One of the hardest things to work through with a student, and that I even discussed with some adults, is regret—regret that you did not seize on the opportunities presented to you. For this very reason, it is important to do your best in all that you learn, in all the opportunities presented to you, in all your experiences.


To regret is self-annihilation to one’s motivation. Regret, put simply, has been cancer to every individual I have come across, including myself. We all have cancer cells within us. But, for some reason, in certain individuals, those cancer cells begin to overtake the healthy cells within our bodies.


We will all miss out on at least one opportunity in our lives; some of us will allow the denial of opportunity to overtake us and it will annihilate our motivation and God-given potential, unless we address it.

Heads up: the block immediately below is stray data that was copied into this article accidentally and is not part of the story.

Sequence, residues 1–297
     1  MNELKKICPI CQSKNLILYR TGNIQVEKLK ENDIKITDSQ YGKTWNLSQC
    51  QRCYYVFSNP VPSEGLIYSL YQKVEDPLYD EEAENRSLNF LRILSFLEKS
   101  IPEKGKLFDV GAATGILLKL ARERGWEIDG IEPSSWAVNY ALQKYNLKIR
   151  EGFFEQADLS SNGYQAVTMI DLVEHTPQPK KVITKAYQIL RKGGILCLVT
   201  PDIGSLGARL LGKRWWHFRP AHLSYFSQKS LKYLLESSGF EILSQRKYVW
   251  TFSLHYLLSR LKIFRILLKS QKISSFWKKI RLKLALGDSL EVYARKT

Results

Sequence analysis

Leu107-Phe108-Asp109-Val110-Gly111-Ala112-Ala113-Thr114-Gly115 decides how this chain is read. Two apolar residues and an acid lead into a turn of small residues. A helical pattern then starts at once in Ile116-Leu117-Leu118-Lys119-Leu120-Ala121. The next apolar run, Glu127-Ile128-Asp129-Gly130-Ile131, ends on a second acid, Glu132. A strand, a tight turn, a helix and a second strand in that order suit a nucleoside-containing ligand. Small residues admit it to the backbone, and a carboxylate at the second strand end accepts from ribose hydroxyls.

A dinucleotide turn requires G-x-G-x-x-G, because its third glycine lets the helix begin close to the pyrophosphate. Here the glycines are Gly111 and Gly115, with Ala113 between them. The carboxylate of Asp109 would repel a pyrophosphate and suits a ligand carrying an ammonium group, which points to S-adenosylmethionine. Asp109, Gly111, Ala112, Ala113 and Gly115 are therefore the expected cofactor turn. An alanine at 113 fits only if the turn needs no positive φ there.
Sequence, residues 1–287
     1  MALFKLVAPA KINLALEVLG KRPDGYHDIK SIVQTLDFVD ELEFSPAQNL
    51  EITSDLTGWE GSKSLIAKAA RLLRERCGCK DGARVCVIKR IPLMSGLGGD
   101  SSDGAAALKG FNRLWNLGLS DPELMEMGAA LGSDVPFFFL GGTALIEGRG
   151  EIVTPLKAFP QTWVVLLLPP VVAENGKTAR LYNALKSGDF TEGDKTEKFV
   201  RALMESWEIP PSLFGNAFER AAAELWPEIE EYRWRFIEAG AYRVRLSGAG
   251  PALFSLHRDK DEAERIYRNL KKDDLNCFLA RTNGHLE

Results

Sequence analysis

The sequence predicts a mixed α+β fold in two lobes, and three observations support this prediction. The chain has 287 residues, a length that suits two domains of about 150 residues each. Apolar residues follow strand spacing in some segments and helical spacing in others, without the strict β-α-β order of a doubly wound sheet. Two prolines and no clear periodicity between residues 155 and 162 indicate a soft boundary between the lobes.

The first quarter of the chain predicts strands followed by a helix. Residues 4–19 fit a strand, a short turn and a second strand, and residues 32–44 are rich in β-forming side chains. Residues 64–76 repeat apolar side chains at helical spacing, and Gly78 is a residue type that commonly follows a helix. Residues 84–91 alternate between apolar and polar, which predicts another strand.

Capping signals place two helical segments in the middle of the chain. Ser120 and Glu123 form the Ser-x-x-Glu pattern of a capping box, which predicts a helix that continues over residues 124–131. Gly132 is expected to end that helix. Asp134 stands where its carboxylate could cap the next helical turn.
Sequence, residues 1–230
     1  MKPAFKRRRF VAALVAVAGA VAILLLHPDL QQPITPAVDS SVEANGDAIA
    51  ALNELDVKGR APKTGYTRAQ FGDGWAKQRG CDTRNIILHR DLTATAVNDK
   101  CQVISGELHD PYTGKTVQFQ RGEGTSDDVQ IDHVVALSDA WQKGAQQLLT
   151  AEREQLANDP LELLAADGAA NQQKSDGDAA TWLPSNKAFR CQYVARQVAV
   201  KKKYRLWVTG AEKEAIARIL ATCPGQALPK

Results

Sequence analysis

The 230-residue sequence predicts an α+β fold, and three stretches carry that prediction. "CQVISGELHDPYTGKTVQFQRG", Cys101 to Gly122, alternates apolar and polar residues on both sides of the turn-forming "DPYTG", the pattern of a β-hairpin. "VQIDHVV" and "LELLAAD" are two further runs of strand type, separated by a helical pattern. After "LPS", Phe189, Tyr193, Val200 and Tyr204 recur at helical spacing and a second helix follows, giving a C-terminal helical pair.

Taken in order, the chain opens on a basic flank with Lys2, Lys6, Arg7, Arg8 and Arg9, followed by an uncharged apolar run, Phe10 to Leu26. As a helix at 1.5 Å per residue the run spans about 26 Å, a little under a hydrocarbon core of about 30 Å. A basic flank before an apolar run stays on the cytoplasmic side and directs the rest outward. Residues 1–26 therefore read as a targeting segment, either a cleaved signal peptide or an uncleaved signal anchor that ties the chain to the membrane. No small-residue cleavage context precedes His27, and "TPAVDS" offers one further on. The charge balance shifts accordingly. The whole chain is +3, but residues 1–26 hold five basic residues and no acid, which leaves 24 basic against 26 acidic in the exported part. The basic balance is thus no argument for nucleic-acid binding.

In talking with people out in the world and telling them that I was an educator, there were plenty who expressed regret for not taking high school seriously, or, in some cases, it was even just finishing high school.


Some admitted that their high school years were an extremely difficult time in their lives. I never met anybody, however, who was glad that they never finished high school or that they didn’t seize upon every opportunity before them. I did, however, hear from many who spoke of the bitterness that regret played in their lives from not seizing on opportunities or exploring their God-given potential.